A game theoretic approach to study the impact of transportation policies on the competition between transit and private car in the urban context

Document Type

Journal Article

Publication Date


Subject Area

place - asia, place - urban, ridership - mode choice, ridership - modelling, ridership - demand, policy


Policy analysis, Public transportation, Private car, Modal competition, Game theory


This paper proposes a spatial gaming model to characterize the mode choice behavior of travelers on a corridor connecting a suburban neighborhood to the central business district. Previous game theoretic studies typically incorporate a discrete choice model into the gaming structure to observe travelers’ mode choice behavior. The novelty of the proposed model revolves around incorporating parking operator into the gaming structure. We also present a model extension accounting for the heterogeneity in travelers’ income. The parking operator and transit agency, as the two players of the game, seek to obtain a greater market share by controlling their prices. The nature of the transit agency as a (pseudo) public authority is modeled by letting the player maximize a weighted sum of profit and consumer surplus. The private parking operator, on the other hand, is a profit maximizer. With the out-of-pocket cost, generalized travel time, and disutilities other than time in the utility function of travelers, this gaming model enable us to evaluate the impact on auto-transit competition of a wide range of urban policies. A corridor in Isfahan, Iran is considered to demonstrate the applicability of the proposed model. Eight travel demand management policies are examined. We see that restrictive policies (e.g., cordon pricing) typically reduce the total demand while encouraging policies (e.g., improving transit access time by integrating transit with a bike-sharing system) increase it. The most effective policies are found to be hybrid policies such as increasing auto travel time coupled with lowering transit in-vehicle travel time.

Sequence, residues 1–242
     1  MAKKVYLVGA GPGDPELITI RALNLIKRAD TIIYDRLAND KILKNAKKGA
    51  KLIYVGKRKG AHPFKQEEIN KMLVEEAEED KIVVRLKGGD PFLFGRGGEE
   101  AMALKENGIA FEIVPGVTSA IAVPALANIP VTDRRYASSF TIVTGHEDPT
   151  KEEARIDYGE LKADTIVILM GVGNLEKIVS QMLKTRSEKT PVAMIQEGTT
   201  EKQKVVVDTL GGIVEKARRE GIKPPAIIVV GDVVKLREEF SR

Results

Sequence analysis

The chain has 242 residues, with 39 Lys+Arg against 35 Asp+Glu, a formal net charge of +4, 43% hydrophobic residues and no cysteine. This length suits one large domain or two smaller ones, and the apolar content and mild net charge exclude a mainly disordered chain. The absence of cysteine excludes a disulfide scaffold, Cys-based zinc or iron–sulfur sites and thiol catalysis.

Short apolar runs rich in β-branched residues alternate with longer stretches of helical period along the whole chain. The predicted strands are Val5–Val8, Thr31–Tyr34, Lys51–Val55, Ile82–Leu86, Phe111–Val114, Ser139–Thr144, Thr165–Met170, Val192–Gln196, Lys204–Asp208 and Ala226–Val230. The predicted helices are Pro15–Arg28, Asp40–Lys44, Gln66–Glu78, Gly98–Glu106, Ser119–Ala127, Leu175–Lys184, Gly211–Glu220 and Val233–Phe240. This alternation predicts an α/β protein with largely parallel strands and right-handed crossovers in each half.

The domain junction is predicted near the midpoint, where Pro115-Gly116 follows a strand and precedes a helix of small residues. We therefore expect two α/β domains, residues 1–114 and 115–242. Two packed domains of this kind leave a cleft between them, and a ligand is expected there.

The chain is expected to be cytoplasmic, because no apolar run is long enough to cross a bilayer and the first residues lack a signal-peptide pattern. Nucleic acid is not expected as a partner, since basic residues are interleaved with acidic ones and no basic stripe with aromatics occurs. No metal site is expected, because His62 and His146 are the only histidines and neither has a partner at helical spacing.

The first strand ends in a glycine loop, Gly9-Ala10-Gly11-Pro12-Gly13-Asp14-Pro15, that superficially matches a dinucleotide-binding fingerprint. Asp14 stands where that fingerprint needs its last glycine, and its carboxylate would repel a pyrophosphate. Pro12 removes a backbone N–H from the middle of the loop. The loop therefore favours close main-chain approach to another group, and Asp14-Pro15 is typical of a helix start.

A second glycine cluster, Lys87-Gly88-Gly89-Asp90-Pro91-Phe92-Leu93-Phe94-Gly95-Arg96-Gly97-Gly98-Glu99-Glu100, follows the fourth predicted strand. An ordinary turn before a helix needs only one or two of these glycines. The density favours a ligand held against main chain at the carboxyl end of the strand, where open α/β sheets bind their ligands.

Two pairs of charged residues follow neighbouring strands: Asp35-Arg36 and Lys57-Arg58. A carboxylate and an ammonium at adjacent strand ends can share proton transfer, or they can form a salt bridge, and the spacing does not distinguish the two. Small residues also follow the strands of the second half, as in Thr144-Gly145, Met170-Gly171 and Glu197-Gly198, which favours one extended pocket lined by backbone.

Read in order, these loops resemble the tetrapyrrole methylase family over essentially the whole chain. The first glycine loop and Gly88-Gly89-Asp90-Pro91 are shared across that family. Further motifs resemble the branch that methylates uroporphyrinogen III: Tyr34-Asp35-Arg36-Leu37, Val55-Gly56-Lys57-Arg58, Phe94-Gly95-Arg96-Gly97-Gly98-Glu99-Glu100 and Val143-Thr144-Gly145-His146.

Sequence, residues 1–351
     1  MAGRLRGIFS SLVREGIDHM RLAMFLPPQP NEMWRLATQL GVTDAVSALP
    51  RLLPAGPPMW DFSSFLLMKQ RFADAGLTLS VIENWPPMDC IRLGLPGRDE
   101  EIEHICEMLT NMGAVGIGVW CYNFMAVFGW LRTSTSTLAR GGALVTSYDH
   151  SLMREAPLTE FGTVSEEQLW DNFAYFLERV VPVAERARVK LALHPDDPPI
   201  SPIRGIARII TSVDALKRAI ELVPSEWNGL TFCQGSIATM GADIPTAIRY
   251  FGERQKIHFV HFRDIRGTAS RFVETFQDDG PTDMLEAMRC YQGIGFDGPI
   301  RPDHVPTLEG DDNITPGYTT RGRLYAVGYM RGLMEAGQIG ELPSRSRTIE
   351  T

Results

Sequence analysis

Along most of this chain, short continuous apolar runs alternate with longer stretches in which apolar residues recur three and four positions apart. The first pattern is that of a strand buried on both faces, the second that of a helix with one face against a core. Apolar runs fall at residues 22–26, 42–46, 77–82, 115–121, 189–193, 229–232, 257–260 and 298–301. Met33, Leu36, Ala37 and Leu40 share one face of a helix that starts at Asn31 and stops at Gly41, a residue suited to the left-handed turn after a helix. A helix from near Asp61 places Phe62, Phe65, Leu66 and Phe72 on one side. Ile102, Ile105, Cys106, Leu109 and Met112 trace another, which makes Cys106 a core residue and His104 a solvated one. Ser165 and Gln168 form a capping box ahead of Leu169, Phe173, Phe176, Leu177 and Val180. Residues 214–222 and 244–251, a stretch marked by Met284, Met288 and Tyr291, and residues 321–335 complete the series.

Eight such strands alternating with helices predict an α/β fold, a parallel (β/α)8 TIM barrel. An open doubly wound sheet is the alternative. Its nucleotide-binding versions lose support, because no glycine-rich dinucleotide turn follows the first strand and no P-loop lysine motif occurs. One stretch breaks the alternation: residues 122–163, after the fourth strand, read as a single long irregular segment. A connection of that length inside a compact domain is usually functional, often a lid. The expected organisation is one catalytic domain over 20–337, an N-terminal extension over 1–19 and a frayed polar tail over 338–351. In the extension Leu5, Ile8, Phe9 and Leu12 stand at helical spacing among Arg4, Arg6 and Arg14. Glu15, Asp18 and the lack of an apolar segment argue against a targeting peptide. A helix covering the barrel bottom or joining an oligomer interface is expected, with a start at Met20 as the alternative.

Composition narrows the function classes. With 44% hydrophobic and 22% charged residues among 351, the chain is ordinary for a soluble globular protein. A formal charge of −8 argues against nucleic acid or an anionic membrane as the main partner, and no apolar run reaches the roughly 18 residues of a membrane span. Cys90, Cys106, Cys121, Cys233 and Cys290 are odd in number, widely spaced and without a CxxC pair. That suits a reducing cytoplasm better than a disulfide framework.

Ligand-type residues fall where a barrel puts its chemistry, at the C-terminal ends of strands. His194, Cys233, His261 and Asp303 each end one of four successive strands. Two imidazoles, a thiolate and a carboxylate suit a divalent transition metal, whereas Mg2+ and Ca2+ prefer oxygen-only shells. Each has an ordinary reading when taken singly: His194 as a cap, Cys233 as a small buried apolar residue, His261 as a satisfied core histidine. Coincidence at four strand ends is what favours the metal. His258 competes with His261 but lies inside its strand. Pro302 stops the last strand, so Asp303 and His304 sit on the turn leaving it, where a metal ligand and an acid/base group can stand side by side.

Permission to publish the abstract has been given by Elsevier, copyright remains with them.


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